The olive branch extended by President Peter wa Mutharika to both opposition parties and rights activists upon his return from Russia last Saturday must have come as a surprise to many, considering the ‘bad boy-big boy’ talk between them since after May 21 Tripartite Elections. In fact, the bitter exchange even started way before the polls were held, fuelled by speculation by the politicians themselves of possible electoral fraud.
Others, however, are refusing to read much into Mutharika’s offer, arguing the embittered Malawi leader is only doing that out of pressure exerted by Malawi’s bilateral and multilateral partners. That might not be far from the truth, especially after we heard the other day that the Human Rights Defenders Coalition (HRDC) had reported the Malawi government to the United Nations and also the African Union (AU). Even former president amayi Joyce Banda also felt obliged to raise the issue of Malawi’s political upheaval through the women network at the AU, which goes to show the gravity of the matter at the moment. Be that as it may, it certainly brought a sigh of relief but then it has also aroused another question in the minds of most people: Is it not a little bit late for the President to be talking of reconciliation now?
It needed not get to this point, after all. A number of stakeholders, including this very platform, have tried on numerous occasions to appeal to the voice of reason in the political kingpins as well as those rallying the public, to consider coming together to a roundtable where a give-and-take resolution might be achieved as opposed to the confrontational approach displayed by sympathisers of Malawi Congress Party (MCP), Democratic Progressive Party and UTM. Galvanised by HRDC, people on the streets have equally been relentless and even after the government, through the Attorney General, tried to put a stop to demonstrations, they did not have solid ground which saw the courts snubbing them and, thus, it appears the right to demonstrate is here to stay.
It is no secret that even in the face of attempts by the likes of former president Bakili Muluzi and Public Affairs Committee (Pac) to mediate between the different sides, Mutharika, MCP’s Lazarus Chakwera and UTM’s Saulos Chilima have shown great disdain for each other in as far as the outcome of May 21 Tripartite Elections is concerned. The scathing attacks from either side have only added fire to the confusion, evident by the violent acts of the supporters lately. Not only that; claims of violence, torture and sexual abuse by some citizens at the hands of police have greatly compromised our reputation as a God-fearing and peaceful nation.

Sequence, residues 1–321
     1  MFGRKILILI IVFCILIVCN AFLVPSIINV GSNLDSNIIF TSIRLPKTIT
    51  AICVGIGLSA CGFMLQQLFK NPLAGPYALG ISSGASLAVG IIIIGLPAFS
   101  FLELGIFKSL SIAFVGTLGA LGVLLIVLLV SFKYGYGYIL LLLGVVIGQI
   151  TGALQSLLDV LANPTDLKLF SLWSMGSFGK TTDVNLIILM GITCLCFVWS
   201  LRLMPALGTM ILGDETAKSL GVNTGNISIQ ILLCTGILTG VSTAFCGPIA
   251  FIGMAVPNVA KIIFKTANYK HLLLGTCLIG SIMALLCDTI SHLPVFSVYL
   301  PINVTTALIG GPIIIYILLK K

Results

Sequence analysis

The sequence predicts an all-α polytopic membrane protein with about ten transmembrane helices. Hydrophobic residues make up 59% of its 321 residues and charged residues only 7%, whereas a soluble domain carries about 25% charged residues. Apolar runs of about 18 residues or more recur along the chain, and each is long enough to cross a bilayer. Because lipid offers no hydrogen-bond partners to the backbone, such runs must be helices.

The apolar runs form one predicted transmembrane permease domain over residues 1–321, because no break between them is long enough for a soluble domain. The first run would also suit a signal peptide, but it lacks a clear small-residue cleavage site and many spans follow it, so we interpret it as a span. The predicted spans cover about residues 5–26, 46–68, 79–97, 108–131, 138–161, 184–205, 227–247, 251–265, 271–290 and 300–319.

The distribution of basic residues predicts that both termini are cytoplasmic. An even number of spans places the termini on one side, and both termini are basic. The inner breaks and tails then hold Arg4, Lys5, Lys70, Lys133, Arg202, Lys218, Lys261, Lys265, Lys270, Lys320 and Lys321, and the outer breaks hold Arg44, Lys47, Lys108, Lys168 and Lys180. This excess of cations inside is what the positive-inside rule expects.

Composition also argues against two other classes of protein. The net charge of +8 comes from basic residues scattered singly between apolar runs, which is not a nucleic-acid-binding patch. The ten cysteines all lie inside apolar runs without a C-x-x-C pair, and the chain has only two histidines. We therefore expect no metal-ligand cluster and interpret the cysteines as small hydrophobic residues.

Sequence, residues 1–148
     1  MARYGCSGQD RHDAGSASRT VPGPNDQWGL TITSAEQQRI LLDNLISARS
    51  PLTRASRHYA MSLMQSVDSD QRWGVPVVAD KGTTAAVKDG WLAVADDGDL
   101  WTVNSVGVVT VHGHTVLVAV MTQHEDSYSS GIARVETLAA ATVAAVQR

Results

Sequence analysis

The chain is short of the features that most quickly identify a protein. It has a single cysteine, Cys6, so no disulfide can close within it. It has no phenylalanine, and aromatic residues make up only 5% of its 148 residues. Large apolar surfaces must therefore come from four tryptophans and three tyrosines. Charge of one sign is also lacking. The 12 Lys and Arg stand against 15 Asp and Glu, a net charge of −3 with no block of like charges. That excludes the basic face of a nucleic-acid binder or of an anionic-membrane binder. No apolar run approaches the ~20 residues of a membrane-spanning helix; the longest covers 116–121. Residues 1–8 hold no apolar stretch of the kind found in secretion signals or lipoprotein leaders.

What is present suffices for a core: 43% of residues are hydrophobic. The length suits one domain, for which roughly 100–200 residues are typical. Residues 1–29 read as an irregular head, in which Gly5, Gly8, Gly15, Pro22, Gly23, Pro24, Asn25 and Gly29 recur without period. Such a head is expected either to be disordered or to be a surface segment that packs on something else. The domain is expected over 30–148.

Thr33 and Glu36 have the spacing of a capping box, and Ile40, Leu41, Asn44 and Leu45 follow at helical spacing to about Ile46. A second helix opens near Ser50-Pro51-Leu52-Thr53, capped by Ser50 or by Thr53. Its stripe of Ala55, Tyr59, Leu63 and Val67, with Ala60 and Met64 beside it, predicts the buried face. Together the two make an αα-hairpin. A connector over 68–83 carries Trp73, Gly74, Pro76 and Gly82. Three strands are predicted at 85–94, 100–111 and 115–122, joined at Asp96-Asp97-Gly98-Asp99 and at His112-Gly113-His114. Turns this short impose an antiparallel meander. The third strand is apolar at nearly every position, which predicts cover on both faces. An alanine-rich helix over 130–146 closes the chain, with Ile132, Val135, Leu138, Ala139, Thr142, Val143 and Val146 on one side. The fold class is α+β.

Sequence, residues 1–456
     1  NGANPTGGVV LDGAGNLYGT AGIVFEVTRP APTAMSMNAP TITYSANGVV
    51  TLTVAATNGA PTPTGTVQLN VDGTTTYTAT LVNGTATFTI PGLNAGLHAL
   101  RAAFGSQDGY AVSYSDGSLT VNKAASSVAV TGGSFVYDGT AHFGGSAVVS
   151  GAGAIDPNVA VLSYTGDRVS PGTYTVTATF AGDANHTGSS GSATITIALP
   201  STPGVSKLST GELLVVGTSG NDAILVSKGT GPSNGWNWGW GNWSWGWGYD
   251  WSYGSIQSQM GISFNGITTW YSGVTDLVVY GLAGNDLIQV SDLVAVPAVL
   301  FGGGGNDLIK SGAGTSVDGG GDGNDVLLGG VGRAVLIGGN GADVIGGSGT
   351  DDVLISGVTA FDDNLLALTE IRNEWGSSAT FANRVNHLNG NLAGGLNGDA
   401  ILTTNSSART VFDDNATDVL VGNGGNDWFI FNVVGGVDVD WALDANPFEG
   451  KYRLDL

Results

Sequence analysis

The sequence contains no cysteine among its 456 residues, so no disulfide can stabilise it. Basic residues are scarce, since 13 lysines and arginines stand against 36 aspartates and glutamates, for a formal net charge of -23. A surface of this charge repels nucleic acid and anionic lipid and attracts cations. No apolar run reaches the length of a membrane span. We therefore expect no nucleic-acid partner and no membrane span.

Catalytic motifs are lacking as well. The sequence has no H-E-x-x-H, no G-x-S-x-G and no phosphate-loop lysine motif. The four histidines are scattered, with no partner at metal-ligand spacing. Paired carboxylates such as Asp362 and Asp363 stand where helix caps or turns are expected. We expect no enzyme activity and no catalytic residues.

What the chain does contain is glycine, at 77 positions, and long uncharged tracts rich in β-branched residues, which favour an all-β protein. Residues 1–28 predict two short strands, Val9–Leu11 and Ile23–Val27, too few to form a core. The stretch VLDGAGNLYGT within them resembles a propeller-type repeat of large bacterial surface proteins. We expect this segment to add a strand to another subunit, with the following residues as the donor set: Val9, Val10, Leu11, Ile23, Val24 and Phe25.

But, as they say, better late than never: Mutharika has finally come round to what everyone had wanted him to do but whether the others will come out and play ball is a whole different issue.
Once we get to the cause of the mess our country has found itself in, then we might realise that it might not been too late to rebuild the nation.
What are they learning?
Week in, week out, we keep getting disturbing reports about learners in public schools going on the rampage, destroying school property and, in the process, throwing in jeopardy their very future as their classes are curtailed to give room to property maintenance and resolve the issues that are making them start behaving strangely.
Having been a student once, I know just how quickly emotions can boil if authorities and leaners disagree and the recent cases involving Lunzu, Thyolo, Rumphi and Blantyre secondary schools as well as Mmanga Primary and Community Day schools are classic examples.
Now, I would not want to entirely heap the problems on the young ones because, as they say, it takes two to tangle and surely there must equally be something wrong the school authorities are doing to send the students off the rail and start burning hostels, houses, halls and anything they lay their hands on. Sometimes there are some unilateral decisions that school management makes that are indeed in bad taste and invoke the wrath of the students.
Take, for example, the allegations that some of the school administrators are replacing suspended students or admitting fresh ones just like that, when traditionally, one has to compete at a national level through examinations administered by Malawi National Examinations Board (Maneb) to attain a place. Such corrupt acts must be investigated and if proven to be true, the culprits must be held accountable not only for such behaviour but also disturbing the academic calendars for the schools concerned.
But then, are riots the answer to the challenges that could be rocking our education sector at the micro level? I do not think so.
I will close off by once again denouncing the unruly behaviour of the students. You will be the only losers, at the end of the day, because it is your education that suffers. To parents and guardians; are you still instilling a sense of discipline in your wards? Destruction of school property and disruption of classes should never be tolerated.
Stephen Dakalira is a seasoned Journalist who works as Times Group’s Online and Digital Executive Editor. He is also the Assistant Editor of The Sunday Times Newspaper, and author of Full Circle column which appears in Malawi News; all of these under the Times Group stable.
He has previously worked in key positions for some of Malawi’s key media institutions such as Malawi News Agency, Capital FM Radio and Star Radio (Now Timveni Radio).